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A golden column next in rank appear'd, On which a shrine of purest gold was rear'd; Finish'd the whole, and labor'd every part, With patient touches of unwearied art: The Mantuan there in sober triumph sate, 200 Composed his posture, and his looks sedate; On Homer still he fix'd a reverent eye, Great without pride, in modest majesty. In living sculpture on the sides were spread The Latian wars, and haughty Turnus dead : 205 Eliza stretch'd upon the funeral pyre; Æneas bending with his aged sire : Troy flamed in burning gold, and o'er the throne • Arms and the man’ in golden ciphers shone.
Four swans sustain a car of silver bright, 210 With heads advanced, and pinions stretch'd for
flight: Here, like some furious prophet, Pindar rode, And seem'd to labor with the inspiring god. Across the harp a careless hand he flings, And boldly sinks into the sounding strings. 215 The figured games of Greece the column grace; Neptune and Jove survey the rapid race. The youths hang o'er the chariots as they run; The fiery steeds seem starting from the stone ; The champions in distorted postures threat; 220 And all appear'd irregularly great.
210 Four swans sustain, &c. Pindar being seated in a chariot, alludes to the chariot-races he celebrated in the Grecian games : the swans are emblems of poetry, their soaring posture intimates the sublimity and activity of his genius. Neptune presided over the Isthmian, and Jupiter over the Olympian games.-Pope.
Here happy Horace tuned the Ausonian lyre To sweeter sounds, and temperd Pindar's
fire: Pleased with Alcæus' manly rage to infuse The softer spirit of the Sapphic Muse. 225 The polish'd pillar different sculptures grace; A work outlasting monumental brass. Here smiling Loves and Bacchanals appear; The Julian star, and great Augustus here. The doves that round the infant poet spread 230 Myrtles and bays, hung hovering o'er his head.
Here in a shrine that cast a dazzling light, Sate fix'd in thought the mighty Stagirite; His sacred head a radiant zodiac crown'd, And various animals his sides surround: 235 His piercing eyes, erect, appear to view Superior worlds, and look all Nature through.
With equal rays immortal Tully shone; The Roman rostra deck'd the consul's throne: 239 Gathering his flowing robe, he seem'd to stand In act to speak, and graceful stretch'd his hand. Behind, Rome's genius waits with civic crowns, And the great father of his country owns.
These massy columns in a circle rise, 244 O’er which a pompous dome invades the skies : Scarce to the top I stretch'd my aching sight, So large it spread, and swelld to such a height. Full in the midst proud Fame's imperial seat With jewels blazed, magnificently great; The vivid emeralds there revive the eye, 250 The flaming rubies show their sanguine die, Bright azure rays from lively sapphire stream, And lucid amber casts a golden gleam.
With various-color'd light the pavement shone,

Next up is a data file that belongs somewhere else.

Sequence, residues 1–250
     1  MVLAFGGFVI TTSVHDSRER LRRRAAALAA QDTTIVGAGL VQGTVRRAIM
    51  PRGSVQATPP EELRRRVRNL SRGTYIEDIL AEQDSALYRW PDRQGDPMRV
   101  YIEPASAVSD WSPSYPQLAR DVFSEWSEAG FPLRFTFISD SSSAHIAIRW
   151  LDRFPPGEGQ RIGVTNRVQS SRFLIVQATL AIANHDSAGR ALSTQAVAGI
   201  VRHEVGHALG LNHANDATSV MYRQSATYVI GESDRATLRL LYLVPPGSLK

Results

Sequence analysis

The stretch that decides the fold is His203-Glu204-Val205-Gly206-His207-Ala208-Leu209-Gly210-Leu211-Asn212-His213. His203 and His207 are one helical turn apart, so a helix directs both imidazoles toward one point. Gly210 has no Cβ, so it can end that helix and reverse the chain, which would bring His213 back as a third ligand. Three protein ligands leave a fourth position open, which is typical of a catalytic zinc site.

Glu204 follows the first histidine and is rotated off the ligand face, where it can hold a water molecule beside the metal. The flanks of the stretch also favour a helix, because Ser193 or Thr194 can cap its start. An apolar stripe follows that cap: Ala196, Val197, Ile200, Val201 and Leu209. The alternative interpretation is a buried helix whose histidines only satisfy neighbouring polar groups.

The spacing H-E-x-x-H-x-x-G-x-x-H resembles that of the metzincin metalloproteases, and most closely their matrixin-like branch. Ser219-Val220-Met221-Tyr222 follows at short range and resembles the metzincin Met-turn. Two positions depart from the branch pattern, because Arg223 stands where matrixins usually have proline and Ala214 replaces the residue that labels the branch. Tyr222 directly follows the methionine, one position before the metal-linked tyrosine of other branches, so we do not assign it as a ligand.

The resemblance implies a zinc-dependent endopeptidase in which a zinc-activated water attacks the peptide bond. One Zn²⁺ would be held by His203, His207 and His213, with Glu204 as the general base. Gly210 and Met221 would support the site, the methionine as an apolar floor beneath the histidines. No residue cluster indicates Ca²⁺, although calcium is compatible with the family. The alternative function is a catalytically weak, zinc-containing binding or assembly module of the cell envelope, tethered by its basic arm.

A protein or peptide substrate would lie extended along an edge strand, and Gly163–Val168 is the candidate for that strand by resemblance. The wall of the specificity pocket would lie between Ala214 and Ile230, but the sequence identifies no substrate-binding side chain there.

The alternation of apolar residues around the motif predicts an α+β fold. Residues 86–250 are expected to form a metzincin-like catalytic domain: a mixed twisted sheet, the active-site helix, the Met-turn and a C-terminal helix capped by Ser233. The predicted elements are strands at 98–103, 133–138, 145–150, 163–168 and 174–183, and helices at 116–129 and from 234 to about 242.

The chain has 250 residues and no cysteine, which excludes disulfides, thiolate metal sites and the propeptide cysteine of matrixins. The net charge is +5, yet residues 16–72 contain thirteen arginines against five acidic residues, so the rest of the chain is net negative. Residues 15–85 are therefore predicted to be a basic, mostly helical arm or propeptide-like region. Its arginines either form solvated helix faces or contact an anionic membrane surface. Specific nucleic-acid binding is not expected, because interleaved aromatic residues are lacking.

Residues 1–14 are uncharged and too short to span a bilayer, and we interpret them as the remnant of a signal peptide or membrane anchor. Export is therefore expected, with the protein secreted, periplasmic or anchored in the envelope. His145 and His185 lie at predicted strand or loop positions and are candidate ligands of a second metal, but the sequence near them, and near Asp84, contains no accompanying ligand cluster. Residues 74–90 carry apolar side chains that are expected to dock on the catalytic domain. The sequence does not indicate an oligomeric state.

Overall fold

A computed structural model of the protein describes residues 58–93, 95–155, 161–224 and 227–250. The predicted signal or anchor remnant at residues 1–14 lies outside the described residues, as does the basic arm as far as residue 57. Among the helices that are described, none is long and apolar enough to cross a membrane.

string; With time's first birth began the heavenly lays; And last, eternal, through the length of days. 275
Around these wonders as I cast a look, The trumpet sounded, and the temple shook ; And all the nations, summon’d at the call, From different quarters fill the crowded hall : Of various tongues the mingled sounds were heard ;
280 In various garbs promiscuous throngs appear'; Thick as the bees, that with the spring renew Their flowery toils, and sip the fragrant dew,
When the wing'd colonies first tempt the sky,
295 Thus her blind sister, fickle Fortune, reigns, And, undiscerning, scatters crowns and chains.
First at the shrine the learned world appear, And to the goddess thus prefer their prayer:• Long have we sought to instruct and please man
kind, With studies pale, with midnight vigils blind; But thank'd by few, rewarded yet by none, We here appeal to thy superior throne : On wit and learning the just prize bestow, For fame is all we must expect below.' 305
The goddess heard, and bade the Muses raise The golden trumpet of eternal praise : From pole to pole the winds diffuse the sound, That fills the circuit of the world around; Not all at once, as thunder breaks the cloud ; 310 The notes at first were rather sweet than loud : By just degrees they every moment rise, Fill the wide earth, and gain upon the skies; At every breath were balmy odors shed, Which still grew sweeter as they wider spread : 315
Less fragrant scents the unfolding rose exhales, Or spices breathing in Arabian gales.
Next these the good and just, an awful train, Thus on their knees address the sacred fane : • Since living virtue is with envy cursed, 320 And the best men are treated like the worst, Do thou, just goddess, call our merits forth, And give each deed the exact intrinsic worth.' · Not with bare justice shall your act be crown'd,' Said Fame, but high above desert renown'd: 325 Let fuller notes the applauding world amaze, And the loud clarion labor in your praise.'
This band dismiss'd, behold another crowd Preferr'd the same request, and lowly bow'd; The constant tenor of whose well-spent days 330 No less deserved a just return of praise : But straight the direful trump of slander sounds; Through the big dome the doubling thunder
bounds; Loud as the burst of cannon rends the skies, The dire report through every region flies; 335 In every ear incessant rumors rung, And gathering scandals grew on every tongue. From the black trumpet's rusty concave broke Sulphureous flames, and clouds of rolling smoke: The poisonous vapor blots the purple skies, 340 And withers all before it as it flies.
A troop came next, who crowns and armor wore, And proud defiance in their looks they bore:• For thee,' they cried, amidst alarms and strife, We sail'd in tempests down the stream of life ; 345 For thee whole nations fill'd with flames and blood, And swam to empire through the purple flood.